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Mapping measurable results

Organisational & Team Performance 23rd September 2018

Good performance measurement is ever-changing. Why? Because our strategic goals and focuses are ever-changing, and good performance measures are the feedback mechanisms we use to achieve them.

Measures should tell us when we are ready to change focus, when we have achieved what we set out to and what to improve next. Our most important measures become the ones which track our progress and development – the essence of a continuous improvement culture.

Frequent change is not a bad thing, actually it means that we are actively engaged in our strategic results. A static dashboard or performance report usually means we are not reaching our targets, or reviewing their relevance.

Measures should be reviewed when one (or more) of the following happen:

  • Strategic goals have changed
  • Team goals have changed
  • A measurement target has been achieved (now only it’s performance is monitored for exceptions, not improvement)
  • The measure isn’t regarded as a good match for the goal
  • The measure isn’t a real measure (it’s a milestone or an activity or just too vague)
  • The measure is driving the wrong behaviour e.g. data manipulation
  • Improving the measure’s result is triggering unintended consequences that can’t be mitigated

Should one of these triggers occur, a measure needs to be reviewed by going back to its purpose. This may result in it being rewritten or even a new measure being created. If the latter is the case, ensure the new measure follows two fundamental steps:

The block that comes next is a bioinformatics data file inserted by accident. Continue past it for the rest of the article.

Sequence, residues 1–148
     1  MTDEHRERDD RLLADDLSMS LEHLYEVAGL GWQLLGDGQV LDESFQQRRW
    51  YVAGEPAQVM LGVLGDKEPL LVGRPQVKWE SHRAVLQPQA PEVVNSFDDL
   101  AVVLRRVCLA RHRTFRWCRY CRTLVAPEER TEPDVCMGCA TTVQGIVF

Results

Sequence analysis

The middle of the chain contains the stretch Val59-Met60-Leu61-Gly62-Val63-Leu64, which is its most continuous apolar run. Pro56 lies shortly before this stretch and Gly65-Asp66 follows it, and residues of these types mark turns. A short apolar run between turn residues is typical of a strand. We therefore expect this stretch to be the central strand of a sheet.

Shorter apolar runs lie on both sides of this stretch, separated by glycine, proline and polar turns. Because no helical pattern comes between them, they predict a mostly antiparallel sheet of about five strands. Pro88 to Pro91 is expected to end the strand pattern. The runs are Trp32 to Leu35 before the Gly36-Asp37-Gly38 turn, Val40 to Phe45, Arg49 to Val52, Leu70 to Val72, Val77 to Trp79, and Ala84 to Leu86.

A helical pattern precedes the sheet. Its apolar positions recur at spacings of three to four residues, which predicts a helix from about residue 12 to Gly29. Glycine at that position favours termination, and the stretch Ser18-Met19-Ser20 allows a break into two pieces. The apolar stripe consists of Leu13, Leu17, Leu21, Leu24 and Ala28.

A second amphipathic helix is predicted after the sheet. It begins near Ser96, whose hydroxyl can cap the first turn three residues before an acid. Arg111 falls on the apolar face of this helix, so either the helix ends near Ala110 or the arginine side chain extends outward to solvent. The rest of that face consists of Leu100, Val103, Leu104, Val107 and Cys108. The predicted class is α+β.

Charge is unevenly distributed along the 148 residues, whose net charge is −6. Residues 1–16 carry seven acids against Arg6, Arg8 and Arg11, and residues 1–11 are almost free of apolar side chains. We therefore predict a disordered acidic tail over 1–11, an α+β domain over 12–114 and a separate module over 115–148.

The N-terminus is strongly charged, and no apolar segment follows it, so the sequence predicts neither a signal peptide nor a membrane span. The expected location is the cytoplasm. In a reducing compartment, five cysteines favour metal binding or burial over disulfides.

1. Making goals measurable

Write goals that are measurable by using words that a 10-year-old would understand.

It’s not about dumbing-down goals. But making sure they can be understood accurately – removing all assumptions. If they are written with management jargon and abstract concepts, people will either not know what it means or will draw their own (incorrect) interpretation.

The key to writing good goals is being able to simply explain the key result you are trying to achieve.

2. Design meaningful measures

Write meaningful measures by:

  1. Avoiding badly worded measures that are too broad or vague by making sure it is measurable.
  2. Drafting a list of performance measures for your goal or objective – don’t use meaningless or vague words to describe measures.
  3. Ensuring measures are articulated in quantitative terms.
  4. Not limiting measures to the data to-hand – you will never have all the data you need.
  5. Ensuring measures have clear names and descriptors.

Final thoughts

Many measures take on a life of their own in an organisation, and that is not always a positive thing. This may be because its importance is not reviewed, or a target is not set from the beginning meaning the same measure is reported for years. This usually creates an apathy to performance improvement because it loses its relevance to the stakeholder. Avoid this pitfall by setting achievable targets from the start, and constantly review the strategic priorities for your organisation.